Sunday, November 27, 2011


Waste, it seems like the buying and tossing out of “stuff” is just a normal attribute of our species, or at least it has been since the industrial revolution stuck a plug into the pie hole of a simpler life. We have become a world of consumers, a grouping of bar-code soldiers, with one hand on a store shelf and the other one aiming for the waste basket. Be it short attention span or the overwhelming advertising stimuli, we just can’t ram enough stuff into our lives. Yes, some of us do gleefully skip down to the local salvation army, seemingly playing our part by “donating” our pass me downs to the less fortunate, but do we really understand the total scope of the circle of waste we play a part in. Clothing has a comfy little place at the top of the purchase pile and on average; an American family will spend $2292 a year on clothing. To put that into perspective, an average cost of a new graphic tee from your local Big Box Fashion Store will run you around $10-$25 bucks, and jeans at $29-$69…with 311 million people in America alone, that’s a big ass pile of clothes. This is just the clothes that are sold, the trail doesn’t end there.

In a idealistic world, we would only buy quality goods from local designers and understand that in the end, it is our decisions that determine whether land fills start to pile into our back yards, or that hundreds of thousands of pounds of “end of season clothing” is either discarded or shipped to other countries, only to be piled up in their back yards.

To put a bit of a rainbow on this slew of negativity, some creative minds have taken this concept, and tried to bring awareness to these issues through sculpture. They have taken piles of discarded clothing, and displayed pieces of beauty. If not for anything else, they help to draw our attention away from the cookie cutter regularity of the individual items and to focus on a bigger picture, whatever that happens to be for each participant. Each of the artist show below (in order of appearance, Naoko Yoshimoto, Derick Melander, Jarod Charzewski, Tamara Kostianovsky, , Guerra de la Paz (Alain Guerra and Neraldo de la Paz), have all found their way to use clothing as a medium to express there point of view.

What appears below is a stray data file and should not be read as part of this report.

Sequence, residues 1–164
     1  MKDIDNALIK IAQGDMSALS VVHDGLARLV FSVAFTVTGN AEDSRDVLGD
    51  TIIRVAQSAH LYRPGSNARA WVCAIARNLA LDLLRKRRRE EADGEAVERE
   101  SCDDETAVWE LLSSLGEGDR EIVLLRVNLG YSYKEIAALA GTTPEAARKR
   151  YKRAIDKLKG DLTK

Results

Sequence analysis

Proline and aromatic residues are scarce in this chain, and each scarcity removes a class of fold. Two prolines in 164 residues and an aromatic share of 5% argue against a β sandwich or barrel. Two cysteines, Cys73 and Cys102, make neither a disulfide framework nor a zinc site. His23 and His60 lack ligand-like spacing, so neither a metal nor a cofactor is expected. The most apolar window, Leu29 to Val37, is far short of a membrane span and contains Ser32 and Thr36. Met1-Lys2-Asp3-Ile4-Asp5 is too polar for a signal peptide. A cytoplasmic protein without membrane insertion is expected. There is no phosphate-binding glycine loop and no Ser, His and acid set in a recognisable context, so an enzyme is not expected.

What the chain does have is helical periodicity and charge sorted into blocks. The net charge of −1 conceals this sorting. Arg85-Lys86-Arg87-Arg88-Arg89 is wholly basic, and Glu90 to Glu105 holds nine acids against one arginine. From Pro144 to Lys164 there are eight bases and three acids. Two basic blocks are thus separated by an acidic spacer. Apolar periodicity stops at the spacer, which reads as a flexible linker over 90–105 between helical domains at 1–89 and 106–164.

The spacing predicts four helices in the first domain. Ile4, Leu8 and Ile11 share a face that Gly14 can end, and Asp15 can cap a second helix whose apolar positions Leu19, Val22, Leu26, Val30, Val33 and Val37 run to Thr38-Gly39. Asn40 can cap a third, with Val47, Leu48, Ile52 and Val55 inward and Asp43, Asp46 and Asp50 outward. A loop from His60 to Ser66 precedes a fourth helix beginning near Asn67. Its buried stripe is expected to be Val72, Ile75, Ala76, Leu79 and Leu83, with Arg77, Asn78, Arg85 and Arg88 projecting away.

Naoko Yoshimoto

Derick Melander

"Clothing has this natural connection to the people who wore it,” ..... “I’m making artwork that’s like a collective portrait... it’s a symbolic gesture where I’m compressing the space between people.”

items in his work are stacked so they are easily taken apart and reusable.

“I’m eco-conscious as a person,” ..... “It’s part of who I am and naturally ends up having a place in my artwork as well.”......“It’s important that people understand the magnitude of the issue .... It’s important for people to see it.”

Jarod Charzewski

Tamara Kostianovsky

"For the creation of these works I cannibalized my clothes: I used the various fabrics and textures to conjure flesh, bone gristle and slabs of fat in life-size sculptures of livestock carcasses. The material connects our bodies with the ones in the work, bringing violent acts into a familiar realm. My intention is to confront the viewers with the real and grotesque nature of violence, offering a context for reflecting about the vulnerability of our physical existences, brutality, poverty, consumption, and the voracious needs of the body."

Guerra de la Paz

(Alain Guerra and Neraldo de la Paz)